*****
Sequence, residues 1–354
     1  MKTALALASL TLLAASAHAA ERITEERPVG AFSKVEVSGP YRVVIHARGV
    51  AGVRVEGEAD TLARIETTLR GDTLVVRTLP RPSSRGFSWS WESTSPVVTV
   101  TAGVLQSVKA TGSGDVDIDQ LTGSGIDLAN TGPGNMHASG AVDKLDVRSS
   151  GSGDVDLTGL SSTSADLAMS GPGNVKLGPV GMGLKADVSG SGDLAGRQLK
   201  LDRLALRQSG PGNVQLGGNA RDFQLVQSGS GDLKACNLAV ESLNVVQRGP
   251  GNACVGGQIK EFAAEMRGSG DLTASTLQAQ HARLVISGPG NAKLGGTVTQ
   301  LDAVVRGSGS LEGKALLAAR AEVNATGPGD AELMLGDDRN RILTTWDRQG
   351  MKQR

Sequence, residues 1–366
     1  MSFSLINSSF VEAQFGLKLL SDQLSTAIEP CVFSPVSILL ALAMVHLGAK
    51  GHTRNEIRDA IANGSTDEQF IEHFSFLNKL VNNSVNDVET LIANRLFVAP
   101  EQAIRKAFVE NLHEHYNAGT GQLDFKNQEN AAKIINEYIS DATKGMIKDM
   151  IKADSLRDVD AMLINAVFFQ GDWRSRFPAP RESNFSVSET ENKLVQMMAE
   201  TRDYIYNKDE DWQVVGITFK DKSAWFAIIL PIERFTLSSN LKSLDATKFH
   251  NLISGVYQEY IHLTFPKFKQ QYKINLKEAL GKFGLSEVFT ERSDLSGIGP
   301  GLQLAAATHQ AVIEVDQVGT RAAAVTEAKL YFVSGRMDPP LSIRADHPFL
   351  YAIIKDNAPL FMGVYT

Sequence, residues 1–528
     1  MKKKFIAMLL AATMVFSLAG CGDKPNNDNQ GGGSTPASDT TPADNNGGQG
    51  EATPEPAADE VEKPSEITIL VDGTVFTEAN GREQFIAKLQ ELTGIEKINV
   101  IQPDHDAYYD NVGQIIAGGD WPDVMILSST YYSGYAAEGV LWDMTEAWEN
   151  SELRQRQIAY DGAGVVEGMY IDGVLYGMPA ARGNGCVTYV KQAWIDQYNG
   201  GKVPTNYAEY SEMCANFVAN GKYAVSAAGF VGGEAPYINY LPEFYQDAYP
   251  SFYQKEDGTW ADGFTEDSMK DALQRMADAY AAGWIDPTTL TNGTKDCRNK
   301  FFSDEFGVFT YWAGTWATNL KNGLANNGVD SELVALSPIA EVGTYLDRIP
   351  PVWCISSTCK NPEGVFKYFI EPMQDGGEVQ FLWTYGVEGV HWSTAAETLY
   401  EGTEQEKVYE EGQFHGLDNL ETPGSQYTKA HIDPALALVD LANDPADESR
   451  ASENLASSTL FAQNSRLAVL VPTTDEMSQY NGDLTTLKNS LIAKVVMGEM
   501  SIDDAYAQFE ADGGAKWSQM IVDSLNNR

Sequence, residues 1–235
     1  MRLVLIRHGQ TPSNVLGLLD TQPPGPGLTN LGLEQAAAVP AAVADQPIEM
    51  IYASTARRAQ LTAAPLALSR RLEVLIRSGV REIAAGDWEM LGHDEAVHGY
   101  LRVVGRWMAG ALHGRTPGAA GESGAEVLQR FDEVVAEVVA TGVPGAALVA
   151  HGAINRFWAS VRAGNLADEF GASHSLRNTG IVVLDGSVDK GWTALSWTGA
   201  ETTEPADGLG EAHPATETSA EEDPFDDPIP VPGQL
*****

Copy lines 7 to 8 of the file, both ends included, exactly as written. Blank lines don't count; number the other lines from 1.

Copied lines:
   251  GNACVGGQIK EFAAEMRGSG DLTASTLQAQ HARLVISGPG NAKLGGTVTQ
   301  LDAVVRGSGS LEGKALLAAR AEVNATGPGD AELMLGDDRN RILTTWDRQG